children playing

Caring and counting: The impact of mothers' employment on family relationships

Printer-friendly versionSend by emailPDF version
Reynolds, Tracey; Callender, Claire and Edwards, Rosalind
Publication Date: 
25 Jul 2003

Available in print for order (see SOURCE for ordering information) and online for download.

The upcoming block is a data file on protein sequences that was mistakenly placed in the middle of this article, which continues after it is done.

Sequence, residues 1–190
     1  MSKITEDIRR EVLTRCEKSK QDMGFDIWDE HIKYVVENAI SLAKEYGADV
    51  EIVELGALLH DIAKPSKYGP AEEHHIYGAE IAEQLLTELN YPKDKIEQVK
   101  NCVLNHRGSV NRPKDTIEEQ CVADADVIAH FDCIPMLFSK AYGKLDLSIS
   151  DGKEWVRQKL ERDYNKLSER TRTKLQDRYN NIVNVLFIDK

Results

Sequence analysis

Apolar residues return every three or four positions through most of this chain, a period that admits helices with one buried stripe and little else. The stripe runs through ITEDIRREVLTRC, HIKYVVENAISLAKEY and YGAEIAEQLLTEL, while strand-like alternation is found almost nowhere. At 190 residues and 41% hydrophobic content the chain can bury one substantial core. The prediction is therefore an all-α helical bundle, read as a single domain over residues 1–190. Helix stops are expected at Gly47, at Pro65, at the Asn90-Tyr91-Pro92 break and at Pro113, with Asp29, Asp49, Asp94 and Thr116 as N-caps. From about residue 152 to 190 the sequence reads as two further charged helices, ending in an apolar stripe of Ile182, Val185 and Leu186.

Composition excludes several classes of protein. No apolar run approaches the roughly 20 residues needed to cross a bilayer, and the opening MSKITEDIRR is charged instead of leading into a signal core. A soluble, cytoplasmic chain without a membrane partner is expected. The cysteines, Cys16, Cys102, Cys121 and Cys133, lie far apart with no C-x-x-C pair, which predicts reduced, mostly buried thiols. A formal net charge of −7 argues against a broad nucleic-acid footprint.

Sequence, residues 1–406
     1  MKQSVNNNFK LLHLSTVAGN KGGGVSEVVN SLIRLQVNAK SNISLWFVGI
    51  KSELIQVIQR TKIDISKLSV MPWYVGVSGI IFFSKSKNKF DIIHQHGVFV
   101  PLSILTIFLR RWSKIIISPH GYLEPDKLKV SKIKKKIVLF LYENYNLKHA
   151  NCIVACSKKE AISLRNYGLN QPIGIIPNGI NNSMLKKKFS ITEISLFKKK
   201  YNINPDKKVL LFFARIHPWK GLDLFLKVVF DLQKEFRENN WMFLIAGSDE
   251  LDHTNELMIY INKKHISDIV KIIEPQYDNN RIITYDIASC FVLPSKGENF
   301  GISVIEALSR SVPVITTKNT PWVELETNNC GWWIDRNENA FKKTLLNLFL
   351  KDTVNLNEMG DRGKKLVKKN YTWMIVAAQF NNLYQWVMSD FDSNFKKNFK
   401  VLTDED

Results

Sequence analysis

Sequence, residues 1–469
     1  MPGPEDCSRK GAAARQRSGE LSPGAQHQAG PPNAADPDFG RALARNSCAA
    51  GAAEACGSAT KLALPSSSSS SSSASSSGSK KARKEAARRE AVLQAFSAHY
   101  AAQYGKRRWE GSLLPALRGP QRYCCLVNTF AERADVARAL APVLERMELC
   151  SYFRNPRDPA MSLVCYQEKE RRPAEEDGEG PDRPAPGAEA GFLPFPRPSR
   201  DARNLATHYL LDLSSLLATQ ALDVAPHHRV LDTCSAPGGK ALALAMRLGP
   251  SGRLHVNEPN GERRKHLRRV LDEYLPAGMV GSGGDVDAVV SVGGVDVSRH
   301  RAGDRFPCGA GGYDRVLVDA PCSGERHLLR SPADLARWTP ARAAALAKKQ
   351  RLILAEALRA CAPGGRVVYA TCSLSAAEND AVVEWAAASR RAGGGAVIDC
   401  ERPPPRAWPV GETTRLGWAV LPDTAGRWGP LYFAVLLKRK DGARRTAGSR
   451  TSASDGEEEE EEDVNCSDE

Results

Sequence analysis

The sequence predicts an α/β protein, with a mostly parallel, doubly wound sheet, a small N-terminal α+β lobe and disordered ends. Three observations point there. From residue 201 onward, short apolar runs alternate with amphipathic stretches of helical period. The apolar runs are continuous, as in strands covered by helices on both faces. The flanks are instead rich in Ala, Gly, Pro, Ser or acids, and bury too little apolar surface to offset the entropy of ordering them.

Excerpts from press release: Flexible hours and other 'family friendly' employment policies are of limited help to working mothers if their work spills over too much into their home life and they feel overloaded and under stress while at work, according to a report for the Joseph Rowntree Foundation. The quality of working time may have as much impact on family relationships as the amount of time they spend at work. Researchers at South Bank University who investigated the experiences of mothers with pre-school children working in contrasting workplaces ­ a large accountancy firm and hospital ­found no evidence of mothers becoming more 'work centered' at the expense of family life. Those who worked full-time were just as concerned to 'be there' for their children and their partner as those working part-time. Apart from increasing the family income, mothers also felt their employment was helping them to meet their children's emotional and social development. Separate interviews with the women's partners revealed widespread agreement that the mother's work was having a positive impact on family relationships. Most fathers felt their children had benefited from their mothers' work, which provided a positive role model for their children. Some mothers, nevertheless, expressed concern that their job had a negative impact on the family particularly when they were overstretched at work, felt tired or had trouble 'switching off' from a bad day at work. A number of fathers also felt uneasy about the demands placed on their partners at work and the effect that work-related stress could have on their children and their relationship with each other. The researchers suggest that 'family-friendly' policies can be improved by putting more effort into reducing stress in the workplace. More attention could be paid to controlling workloads, managing the intensity of work and ensuring that goals and targets are achievable in the time available.